The 3rd article in our small changes with big effects series.
Practise deep breathing
© Joe Waldron
One of the things that has made a big difference to my life, and which is very simple to do, is to practise a bit of deep breathing. When I feel stressed or when I’m awake in the middle of the night and struggling to go back to sleep, which is quite common, I do a breathing exercise called 4-2-4.
I breathe in for a count of four, hold it for two, then breathe out to a count of four.
Deep breathing switches on your parasympathetic nervous system, which acts like a brake, calming your body down. Long, deep breaths will slow your heart and also reduce your blood pressure. That way it reduces anxiety.
Deep breathing can also be an effective way of dealing with pain. Chronic pain is closely linked to stress and learning how to do ‘controlled breathing’ is an important part of treatment for managing both.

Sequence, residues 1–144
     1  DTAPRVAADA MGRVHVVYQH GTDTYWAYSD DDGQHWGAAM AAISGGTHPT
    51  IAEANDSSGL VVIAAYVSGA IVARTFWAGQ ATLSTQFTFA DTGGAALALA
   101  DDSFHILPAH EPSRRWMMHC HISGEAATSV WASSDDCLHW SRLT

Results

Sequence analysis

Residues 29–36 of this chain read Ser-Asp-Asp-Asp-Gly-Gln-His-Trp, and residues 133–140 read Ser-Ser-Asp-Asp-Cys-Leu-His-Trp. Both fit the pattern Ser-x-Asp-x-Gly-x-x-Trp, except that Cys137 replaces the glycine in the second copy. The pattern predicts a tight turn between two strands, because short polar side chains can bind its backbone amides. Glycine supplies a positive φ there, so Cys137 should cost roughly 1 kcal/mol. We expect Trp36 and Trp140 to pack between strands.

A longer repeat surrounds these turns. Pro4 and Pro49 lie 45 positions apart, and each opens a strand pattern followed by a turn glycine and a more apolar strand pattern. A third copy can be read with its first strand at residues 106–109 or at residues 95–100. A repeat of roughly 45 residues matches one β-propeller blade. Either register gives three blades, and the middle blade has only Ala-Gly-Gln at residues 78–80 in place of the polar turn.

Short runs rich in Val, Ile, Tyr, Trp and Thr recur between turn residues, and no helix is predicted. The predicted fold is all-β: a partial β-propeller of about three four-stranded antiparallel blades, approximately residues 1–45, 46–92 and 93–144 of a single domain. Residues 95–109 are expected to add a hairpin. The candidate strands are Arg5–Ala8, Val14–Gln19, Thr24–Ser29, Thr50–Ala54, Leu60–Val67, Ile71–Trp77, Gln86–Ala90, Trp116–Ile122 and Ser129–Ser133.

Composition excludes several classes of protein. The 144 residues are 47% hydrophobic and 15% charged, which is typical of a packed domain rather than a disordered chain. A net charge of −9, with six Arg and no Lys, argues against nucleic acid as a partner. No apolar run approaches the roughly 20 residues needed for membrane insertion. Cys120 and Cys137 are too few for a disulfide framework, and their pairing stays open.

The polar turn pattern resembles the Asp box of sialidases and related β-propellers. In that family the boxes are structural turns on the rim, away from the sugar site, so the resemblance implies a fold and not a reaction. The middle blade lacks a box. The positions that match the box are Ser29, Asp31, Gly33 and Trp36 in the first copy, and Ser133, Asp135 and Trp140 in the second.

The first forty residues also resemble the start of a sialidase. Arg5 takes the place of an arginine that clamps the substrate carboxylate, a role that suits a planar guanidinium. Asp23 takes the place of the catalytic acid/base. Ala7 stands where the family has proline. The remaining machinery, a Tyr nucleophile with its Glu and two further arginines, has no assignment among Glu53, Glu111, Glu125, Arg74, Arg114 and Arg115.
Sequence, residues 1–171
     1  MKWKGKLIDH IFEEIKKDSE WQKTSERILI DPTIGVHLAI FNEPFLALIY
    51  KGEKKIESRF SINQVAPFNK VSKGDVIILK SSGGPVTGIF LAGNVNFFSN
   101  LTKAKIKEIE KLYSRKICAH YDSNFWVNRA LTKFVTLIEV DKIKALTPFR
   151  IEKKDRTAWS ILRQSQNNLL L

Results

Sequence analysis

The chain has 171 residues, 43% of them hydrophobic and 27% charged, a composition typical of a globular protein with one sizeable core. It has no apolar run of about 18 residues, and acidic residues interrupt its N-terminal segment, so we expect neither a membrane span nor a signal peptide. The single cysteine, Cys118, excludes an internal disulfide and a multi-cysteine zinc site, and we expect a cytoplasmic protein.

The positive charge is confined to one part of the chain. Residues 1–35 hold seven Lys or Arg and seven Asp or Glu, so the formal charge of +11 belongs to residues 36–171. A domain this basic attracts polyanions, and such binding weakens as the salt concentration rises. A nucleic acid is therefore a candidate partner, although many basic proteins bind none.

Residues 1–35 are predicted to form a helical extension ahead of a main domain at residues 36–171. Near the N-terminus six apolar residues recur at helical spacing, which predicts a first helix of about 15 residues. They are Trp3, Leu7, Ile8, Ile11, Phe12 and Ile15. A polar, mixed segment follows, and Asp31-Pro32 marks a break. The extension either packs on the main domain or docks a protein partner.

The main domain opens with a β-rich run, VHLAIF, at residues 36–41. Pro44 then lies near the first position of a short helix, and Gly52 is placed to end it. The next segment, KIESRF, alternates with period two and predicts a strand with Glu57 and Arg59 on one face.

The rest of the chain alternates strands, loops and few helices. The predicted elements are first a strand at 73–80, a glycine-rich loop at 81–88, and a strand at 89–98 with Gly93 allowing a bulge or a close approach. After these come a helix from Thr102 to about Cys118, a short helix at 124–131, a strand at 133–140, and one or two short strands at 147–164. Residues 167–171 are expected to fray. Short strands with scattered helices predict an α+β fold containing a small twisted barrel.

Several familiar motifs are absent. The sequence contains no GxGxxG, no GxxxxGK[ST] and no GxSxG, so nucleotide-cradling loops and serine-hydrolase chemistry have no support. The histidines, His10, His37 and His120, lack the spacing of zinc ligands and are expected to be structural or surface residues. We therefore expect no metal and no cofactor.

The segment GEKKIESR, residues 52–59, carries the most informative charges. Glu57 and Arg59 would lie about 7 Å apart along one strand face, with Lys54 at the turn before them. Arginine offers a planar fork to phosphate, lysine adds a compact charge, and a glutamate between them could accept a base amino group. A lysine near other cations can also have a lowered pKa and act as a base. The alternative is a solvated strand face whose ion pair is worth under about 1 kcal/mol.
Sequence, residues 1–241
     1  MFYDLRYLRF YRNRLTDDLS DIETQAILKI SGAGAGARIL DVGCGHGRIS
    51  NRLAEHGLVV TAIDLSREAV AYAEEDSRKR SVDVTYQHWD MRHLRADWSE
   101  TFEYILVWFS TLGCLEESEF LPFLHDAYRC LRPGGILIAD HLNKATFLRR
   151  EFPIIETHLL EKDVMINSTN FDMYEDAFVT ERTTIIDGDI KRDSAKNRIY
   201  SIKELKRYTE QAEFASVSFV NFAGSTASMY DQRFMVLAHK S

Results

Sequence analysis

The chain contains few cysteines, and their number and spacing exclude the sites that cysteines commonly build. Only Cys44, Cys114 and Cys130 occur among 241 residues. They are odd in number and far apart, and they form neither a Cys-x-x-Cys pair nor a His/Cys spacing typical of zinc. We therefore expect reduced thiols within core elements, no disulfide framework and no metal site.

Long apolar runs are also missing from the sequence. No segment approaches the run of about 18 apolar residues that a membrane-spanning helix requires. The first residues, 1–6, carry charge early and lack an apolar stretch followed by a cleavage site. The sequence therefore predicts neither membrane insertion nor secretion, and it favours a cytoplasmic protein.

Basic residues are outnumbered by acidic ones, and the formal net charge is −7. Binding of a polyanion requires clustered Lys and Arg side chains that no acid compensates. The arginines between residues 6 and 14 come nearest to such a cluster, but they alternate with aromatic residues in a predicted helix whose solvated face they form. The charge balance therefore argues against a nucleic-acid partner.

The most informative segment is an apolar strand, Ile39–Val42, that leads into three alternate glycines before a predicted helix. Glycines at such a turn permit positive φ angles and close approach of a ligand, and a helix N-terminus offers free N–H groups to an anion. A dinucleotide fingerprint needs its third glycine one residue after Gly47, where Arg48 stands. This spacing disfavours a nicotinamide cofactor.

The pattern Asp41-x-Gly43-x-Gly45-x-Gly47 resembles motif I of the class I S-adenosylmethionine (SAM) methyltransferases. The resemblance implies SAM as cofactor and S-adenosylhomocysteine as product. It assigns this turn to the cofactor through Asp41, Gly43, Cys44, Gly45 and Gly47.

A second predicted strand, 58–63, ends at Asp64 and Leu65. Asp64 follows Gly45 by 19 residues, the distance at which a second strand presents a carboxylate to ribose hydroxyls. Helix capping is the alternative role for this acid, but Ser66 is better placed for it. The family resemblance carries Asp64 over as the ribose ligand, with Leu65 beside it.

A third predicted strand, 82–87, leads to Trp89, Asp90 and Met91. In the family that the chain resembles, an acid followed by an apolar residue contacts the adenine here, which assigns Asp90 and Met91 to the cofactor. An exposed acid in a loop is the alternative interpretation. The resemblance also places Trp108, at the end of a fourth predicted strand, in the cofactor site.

Read Dr Mosley’s full advice on deep breathing
Physio.co.uk says the benefits of deep breathing exercises are:
The main benefit of deep breathing exercises is to allow air to get right to the bottom of the lungs to help mobilise secretions, by clearing secretions you significantly decrease the risk of developing a chest infection. Other benefits include:
- Improved respiratory function (gas exchange)
- Increased lung volumes
- Improved chest expansion
- Promote relaxation
- Reduce reliance on oxygen therapy (if applicable)
- Can be combined with manual techniques such as percussion, vibration, or practised in postural drainage positions
- Can be carried out independently by patient with no need for supervision
- Can be carried out in a number of positions, from sitting watching television, to lying in bed.
More info with link below.
Other links for Deep Breathing Exercises: